Some Symposium attendees may have remembered Dirk Campbell from a previous appearance as a renowned composer and instrumentalist specialising in world music but in this completely new presentation he exposed the story of the Syrian Kurds’ defeat of the Islamic State group, their struggle to survive as a people and their unique experiment in living a solution to the world’s problems. Dirk learned this story through his daughter Anna’s commitment to the Kurdish cause, and the tragic sacrifice of her life during the Turkish invasion of Syria in March 2018. In a moving and carefully thought-out sharing, Dirk likened the “lessons from Syria” to the recent introduction of what he sees as fascist policies by the UK government – an alarming trend when considering the regimes in Turkey and Syria. Over here, unregulated capitalist economics threaten our environment, climate, and our species in his view, but Dirk believes the Kurdish way of living a better balance of communal life offers an alternative way forward we could all learn from.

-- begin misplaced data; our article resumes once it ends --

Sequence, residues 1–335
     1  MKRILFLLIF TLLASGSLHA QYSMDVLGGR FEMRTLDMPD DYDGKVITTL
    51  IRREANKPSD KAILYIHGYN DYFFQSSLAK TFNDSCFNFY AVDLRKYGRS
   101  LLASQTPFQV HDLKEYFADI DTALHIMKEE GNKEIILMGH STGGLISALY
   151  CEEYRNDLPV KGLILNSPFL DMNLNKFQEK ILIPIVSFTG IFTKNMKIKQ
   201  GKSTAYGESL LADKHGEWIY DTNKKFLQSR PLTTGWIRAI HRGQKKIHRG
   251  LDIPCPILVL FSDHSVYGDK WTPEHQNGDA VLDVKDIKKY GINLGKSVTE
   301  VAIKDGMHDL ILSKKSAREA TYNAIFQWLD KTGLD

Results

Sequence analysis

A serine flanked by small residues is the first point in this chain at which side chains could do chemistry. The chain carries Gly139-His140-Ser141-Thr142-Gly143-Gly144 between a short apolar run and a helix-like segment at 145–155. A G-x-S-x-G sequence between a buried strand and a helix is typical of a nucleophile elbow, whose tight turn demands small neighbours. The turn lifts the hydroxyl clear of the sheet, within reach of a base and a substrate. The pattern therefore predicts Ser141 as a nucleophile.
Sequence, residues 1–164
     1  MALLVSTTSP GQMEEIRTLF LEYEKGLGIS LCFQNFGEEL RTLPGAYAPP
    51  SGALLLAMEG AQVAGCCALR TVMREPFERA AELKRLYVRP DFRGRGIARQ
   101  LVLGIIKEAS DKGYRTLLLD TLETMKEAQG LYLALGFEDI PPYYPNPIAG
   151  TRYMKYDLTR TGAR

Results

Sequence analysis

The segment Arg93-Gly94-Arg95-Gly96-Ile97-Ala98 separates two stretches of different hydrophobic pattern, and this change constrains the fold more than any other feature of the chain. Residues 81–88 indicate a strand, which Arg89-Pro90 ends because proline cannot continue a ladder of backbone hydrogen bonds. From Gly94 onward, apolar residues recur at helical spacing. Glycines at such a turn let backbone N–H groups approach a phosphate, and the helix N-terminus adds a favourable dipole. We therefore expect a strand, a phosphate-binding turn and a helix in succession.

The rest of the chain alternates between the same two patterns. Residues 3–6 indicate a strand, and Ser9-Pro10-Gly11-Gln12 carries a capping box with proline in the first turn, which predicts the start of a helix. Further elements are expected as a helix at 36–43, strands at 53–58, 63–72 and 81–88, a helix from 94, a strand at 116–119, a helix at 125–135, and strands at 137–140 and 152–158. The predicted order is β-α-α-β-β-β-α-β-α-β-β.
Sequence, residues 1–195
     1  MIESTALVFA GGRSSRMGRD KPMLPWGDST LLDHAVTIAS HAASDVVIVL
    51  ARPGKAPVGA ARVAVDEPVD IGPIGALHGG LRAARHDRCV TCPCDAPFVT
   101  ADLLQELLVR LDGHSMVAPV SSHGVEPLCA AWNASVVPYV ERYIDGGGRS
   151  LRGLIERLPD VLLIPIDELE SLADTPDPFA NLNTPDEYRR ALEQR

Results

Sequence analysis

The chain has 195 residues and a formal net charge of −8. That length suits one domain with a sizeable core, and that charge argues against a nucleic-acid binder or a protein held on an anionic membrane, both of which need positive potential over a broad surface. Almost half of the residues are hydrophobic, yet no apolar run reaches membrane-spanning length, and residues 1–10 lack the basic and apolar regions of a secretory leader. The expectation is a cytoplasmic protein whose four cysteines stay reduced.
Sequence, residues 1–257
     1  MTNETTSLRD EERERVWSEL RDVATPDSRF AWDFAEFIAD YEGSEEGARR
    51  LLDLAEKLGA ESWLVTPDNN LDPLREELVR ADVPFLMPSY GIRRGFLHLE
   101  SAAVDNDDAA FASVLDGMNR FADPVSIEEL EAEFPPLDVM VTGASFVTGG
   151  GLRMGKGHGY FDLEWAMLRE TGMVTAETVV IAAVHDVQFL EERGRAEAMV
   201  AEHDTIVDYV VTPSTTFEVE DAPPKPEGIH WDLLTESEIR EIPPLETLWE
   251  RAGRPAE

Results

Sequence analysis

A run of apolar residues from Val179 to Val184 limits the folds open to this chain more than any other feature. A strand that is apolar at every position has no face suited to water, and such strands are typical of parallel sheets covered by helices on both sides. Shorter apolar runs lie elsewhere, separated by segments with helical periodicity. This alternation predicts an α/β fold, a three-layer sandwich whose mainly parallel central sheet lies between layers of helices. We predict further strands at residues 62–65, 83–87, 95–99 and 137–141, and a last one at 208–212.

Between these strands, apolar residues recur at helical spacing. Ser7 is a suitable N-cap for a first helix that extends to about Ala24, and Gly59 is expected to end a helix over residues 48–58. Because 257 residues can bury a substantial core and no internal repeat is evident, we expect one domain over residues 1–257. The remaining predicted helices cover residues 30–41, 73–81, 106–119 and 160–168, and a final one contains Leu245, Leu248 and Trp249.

To celebrate our 30th in-person gathering, we thought we would return to crop circles each day of this particular event, and, after tea, were were joined by Barry Reynolds. During the 1990s, Barry was one of the world’s leading crop circle researchers and founder of the Sussex branch of the Centre for Crop Circle Studies (later Southern Circular Research). Barry’s IT background has enabled him to give a new view over the placement of crop formations within the landscape, which he presented here with a series of stunning examples of how the Sussex crop circles (used as an example) have had more very intriguing correlations with each other over the years than may at first be obvious. Using his extensive knowledge and cutting-edge software, he showed incredible fly-bys, not previously possible, superimposing crop formations from different years onto the landscape – in the same videos. In his quiet, diligent way, Barry demonstrated without doubt that there is clearly far more to the placement of these remarkable shapes than anyone previously thought, whatever it may ultimately mean!